Thirumalayampalayam department of costume design and fashion study material

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Kashmiri Kashida motifs

Phulkari is the most important world famous embroidery textiles from Punjab. Phulkari are analyzed as “Phul”, flower and “Kari”, work that is floral work or flowering. It is a special, traditional handwork mainly found in Gurgaon, Hissar, Rohtak, Kurnal and Delhi. However, in West Punjab this embroidery is famous as “Bagh” means garden, in which the entire surface of the shawl is decorated with floral designs.
Phulkari is an integral part of the life of Punjabi girl. In any function, festival, get- together functions one or the other type of Phulkari or Bagh is invariably used. It is believed to be auspicious, a symbol of happiness, prosperity and Suhag of a married woman. However, it is considered as a great treasure. The rough and coarse base material of Phulkari symbolizes hard and tough yet colourful life of Punjabi women; the rich and glossy work with pat portrays her dreams and aspirations. It can also be added here that, Phulkari adds delicacy, elegance and grace to the heavy personality of Punjabi women
Chaddar, Bagh and Chope are the three types of embroideries, which are grouped according to the craftsmanship. “Chadder”, the shawl having the surface decoration is used by the bride during the “Phera” ceremony that is, when she takes seven rounds of the holy fire. It is always a red coloured khaddar having five flowers centrally arranged and the other four motifs in each corner of the shawl.
Bagh having overall interconnected designs and were geometrically conventionalized. Chope is little longer than usual shawl, where only the edges along the selvedges were embroidered with golden yellow coloured silk floss against red coloured khaddar.
Materials used for Phulkari are:
· Khaddar- a loosely spun and coarsely woven fabric

· Chaunsa khaddar – woven with fine yarn

· Hal wan-Light weight finely woven fabric.
Soft, glossy, untwisted silk thread is employed for the stitching, which is basically supplied from Kashmir, Afghanistan and Bengal, which is called “Pat”. To complete a Phulkari work it requires around 50-100 gms of silk thread.
The darning stitch is the basic unit of Phulkari and the workmanship of both Bagh and Phulkari are graded according to it’s length and density of stitches.
Types of Phulkari
Chope: A precious red coloured Phulkari prepared and presented by the maternal grandmother of the bride at her wedding function. The triangular designs are embroidered with golden yellow pat by double running stitch which appears identical on either sides of the cloth.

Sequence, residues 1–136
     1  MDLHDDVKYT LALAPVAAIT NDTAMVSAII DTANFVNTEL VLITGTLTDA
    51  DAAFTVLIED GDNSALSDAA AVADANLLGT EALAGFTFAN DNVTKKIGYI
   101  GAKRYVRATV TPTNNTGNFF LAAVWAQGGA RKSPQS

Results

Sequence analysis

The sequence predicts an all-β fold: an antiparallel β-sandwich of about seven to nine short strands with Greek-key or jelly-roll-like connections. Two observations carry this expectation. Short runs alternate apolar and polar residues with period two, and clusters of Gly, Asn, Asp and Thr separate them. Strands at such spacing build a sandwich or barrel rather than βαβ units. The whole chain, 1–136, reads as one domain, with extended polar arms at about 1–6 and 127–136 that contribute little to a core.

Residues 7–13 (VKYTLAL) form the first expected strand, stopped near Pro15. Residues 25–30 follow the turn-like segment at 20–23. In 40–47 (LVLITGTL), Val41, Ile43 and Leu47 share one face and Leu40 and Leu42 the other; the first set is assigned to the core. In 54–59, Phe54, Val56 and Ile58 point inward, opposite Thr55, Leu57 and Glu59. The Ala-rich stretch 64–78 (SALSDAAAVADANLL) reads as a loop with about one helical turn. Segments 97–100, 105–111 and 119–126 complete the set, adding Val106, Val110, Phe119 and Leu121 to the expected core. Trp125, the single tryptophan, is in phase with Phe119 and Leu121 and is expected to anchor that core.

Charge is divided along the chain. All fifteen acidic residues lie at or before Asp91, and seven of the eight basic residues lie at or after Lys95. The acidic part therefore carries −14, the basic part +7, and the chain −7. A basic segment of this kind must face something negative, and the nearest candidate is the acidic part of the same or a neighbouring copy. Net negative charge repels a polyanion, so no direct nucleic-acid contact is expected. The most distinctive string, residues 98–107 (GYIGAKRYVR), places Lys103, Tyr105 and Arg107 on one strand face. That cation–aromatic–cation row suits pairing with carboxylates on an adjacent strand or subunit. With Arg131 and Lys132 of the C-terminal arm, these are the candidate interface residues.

Subha: Another rich, gorgeous, red coloured Phulkari work by the bride during her wedding.
Tilpatra: It is scarcely embroidered. Small, tiny embroidered dots in the body, of any inferior and inexpensive khaddar.
Nilak: It is a Phulkari of blue colour. It is worked on black khaddar. The motifs commonly embroidered are the articles used at household like comb, fan, umbrella or rumaal and so on.
Darshana Dwar or Darwaza: This is a presentation of some of the religious institutions offered during ceremonial functions.
Thirma: A Phulkari done on white khaddar.
Sainchi Phulkari: It is the folk embroidery of Malva region of Punjab depicts the true rural life. The motifs depict the various activities of rural life like ploughing, harvesting, a water carrier, and smoking hukka, pounding, grinding, churning, spinning and weaving and so on.

Punjabi Phulkari motifs
The white embroidery on white cotton especially on muslins is known as chikan work. Chikankari is an industry nurtured and developed in Lucknow. Daintiness and delicacy added to a finish and a richness of its own, are the outstanding characteristics of chikankari. It is also famous as shadow work.
Jasleen Dhaniya explains two stories. The princess of Murshidhabad, who was professionally a seamstress and highly skilled in handwork, married to the Nawab. As a token of love and affection the princess embroidered a beautiful head covering and presented it to her Nawab. The Nawab was extremely pleased with the embroidered cap, worked with fine cotton thread on Muslim cloth. The work women of Muslim household stouting rear by were headdress of princess work. Then they began to produce finer and delicate work than that of princess and that’s how the great art of chikankari took birth.